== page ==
Frost, Robert - Never tell me that not one star of all
Type of Spiritual Experience
A description of the experience
Robert Frost – from The Poetry of Robert Frost
Never tell me that not one star of all
That slip from heaven at night and softly fall
Has been picked up with stones to build a wall.
Some labourer found one faded and stone cold
And saving that its weight suggested gold
And tugged it from his first too certain hold,
He noticed nothing in it to remark,
He was not used to handling stars thrown dark
And lifeless from an interrupted arc.
He did not recognise in that smooth coal
The one thing palpable besides the soul
To penetrate the air in which we roll.
He did not see how like a flying thing
It brooded ant eggs, and had one large wing
One not so large for flying in a ring,
And a long Bird of Paradise's tail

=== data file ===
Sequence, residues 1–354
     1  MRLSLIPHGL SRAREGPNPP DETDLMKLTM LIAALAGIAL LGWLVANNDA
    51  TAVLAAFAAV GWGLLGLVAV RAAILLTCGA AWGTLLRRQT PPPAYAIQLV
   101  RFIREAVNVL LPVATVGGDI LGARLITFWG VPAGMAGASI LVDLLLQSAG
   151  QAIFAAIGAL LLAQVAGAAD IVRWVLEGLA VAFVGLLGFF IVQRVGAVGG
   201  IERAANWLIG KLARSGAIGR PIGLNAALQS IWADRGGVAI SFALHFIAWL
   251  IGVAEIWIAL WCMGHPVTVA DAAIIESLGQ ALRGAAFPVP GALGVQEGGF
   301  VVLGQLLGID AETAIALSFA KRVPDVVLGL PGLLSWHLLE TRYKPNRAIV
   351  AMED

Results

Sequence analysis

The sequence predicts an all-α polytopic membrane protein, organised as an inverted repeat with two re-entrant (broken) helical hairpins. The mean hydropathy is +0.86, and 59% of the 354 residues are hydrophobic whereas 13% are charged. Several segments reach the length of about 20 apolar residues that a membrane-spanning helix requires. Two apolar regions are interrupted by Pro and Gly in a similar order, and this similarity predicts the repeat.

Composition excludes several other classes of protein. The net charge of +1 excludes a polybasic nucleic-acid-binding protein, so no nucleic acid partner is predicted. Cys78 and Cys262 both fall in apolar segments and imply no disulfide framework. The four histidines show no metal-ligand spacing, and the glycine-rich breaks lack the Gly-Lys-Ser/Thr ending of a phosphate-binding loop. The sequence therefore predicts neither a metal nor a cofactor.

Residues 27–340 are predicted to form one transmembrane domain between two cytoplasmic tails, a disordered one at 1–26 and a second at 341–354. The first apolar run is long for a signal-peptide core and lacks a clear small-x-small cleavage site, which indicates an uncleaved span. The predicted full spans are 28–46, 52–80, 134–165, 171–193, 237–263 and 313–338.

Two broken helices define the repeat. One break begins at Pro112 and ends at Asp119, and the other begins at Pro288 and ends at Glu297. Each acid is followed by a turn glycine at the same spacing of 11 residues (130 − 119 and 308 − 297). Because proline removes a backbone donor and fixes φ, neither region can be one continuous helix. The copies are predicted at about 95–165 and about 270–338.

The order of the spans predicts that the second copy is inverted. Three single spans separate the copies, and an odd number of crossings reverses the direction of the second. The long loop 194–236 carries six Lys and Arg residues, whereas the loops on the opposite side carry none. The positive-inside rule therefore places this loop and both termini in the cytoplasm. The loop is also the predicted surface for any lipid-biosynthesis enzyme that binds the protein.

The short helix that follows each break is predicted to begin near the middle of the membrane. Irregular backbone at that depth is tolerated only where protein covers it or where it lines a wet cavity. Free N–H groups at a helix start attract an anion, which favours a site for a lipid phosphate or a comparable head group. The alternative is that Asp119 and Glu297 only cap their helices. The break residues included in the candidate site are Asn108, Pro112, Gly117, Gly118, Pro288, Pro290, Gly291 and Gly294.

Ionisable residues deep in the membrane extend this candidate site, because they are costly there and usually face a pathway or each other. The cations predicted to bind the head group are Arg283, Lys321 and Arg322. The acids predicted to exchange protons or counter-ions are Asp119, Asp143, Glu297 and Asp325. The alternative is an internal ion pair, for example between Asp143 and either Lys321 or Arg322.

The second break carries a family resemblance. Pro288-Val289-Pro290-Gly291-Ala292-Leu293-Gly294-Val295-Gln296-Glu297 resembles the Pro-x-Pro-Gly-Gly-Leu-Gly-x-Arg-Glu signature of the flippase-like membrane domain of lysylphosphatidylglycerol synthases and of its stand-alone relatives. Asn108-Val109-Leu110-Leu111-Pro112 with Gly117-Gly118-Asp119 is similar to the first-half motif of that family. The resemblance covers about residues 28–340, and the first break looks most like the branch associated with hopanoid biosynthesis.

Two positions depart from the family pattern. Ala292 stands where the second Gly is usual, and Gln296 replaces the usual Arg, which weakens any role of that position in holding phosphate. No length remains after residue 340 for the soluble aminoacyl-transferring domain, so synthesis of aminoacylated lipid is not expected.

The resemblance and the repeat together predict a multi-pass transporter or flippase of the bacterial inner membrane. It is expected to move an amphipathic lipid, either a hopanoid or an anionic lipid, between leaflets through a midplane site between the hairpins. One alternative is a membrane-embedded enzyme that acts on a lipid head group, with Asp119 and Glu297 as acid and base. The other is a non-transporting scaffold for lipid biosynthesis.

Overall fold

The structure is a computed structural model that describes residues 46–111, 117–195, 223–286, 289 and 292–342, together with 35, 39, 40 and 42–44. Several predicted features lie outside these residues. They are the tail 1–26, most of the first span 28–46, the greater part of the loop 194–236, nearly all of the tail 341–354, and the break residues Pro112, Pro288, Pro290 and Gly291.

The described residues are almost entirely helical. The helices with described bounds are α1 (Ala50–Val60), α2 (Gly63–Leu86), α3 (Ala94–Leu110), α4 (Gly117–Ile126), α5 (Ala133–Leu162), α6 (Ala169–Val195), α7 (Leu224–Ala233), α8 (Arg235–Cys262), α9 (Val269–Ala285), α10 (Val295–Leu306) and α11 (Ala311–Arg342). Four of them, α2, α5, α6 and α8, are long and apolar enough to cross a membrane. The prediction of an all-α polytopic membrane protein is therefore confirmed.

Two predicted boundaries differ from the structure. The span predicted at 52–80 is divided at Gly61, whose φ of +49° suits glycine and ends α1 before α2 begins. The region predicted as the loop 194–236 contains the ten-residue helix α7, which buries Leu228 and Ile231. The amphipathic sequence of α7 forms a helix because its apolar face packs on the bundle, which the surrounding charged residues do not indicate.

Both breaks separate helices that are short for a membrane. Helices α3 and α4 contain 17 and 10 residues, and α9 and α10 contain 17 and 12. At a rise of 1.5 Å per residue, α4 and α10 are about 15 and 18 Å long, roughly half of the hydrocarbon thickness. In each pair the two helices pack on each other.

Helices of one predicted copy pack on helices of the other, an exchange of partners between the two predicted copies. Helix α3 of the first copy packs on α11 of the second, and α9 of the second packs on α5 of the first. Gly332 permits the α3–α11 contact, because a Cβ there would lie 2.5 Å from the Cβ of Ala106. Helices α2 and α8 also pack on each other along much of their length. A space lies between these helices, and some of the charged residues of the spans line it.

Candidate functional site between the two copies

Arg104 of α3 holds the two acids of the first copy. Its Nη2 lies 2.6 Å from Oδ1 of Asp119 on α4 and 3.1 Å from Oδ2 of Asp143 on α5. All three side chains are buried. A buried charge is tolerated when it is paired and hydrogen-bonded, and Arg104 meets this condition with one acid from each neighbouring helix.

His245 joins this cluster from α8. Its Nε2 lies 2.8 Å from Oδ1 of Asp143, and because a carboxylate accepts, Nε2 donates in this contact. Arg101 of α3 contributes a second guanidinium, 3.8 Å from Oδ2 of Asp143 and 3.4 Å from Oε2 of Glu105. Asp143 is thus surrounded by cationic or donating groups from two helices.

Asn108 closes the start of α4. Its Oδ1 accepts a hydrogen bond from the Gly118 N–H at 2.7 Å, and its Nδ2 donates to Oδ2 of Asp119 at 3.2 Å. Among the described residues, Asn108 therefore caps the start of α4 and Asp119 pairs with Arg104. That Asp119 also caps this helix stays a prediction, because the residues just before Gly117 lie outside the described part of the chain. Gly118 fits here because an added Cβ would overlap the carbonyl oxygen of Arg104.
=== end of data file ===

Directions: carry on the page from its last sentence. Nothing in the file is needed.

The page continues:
(Though these when not in use to fly and trail
It drew back in its body like a snail);
Nor know that he might move it from the spot -
The harm was done; from having been star shot
The very nature of the soil was hot
And burning to yield flowers instead of grain
Flowers fanned and not put out by all the rain
Poured on them by his prayers prayed in vain.
He moved it roughly with an iron bar
He loaded an old stoneboat with the star
And not, as you might think, a flying car
Such as even poets would admit perforce
More practical than Pegasus the horse
If it could put a star back in its course.
He dragged it through the ploughed ground at a pace
But faintly reminiscent of the race
Of jostling rock in interstellar space.
It went for building stone, and I, as though
Commanded in a dream, forever go
To right the wrong that this should have been so.
You ask where else it could have gone as well,
I do not know – I cannot stop to tell
He might have left it lying where it fell.
From following walls I never lift my eye
Except at night to places in the sky
Where showers of charted meteors let fly
The source of the experienceFrost, Robert
Concepts, symbols and science items
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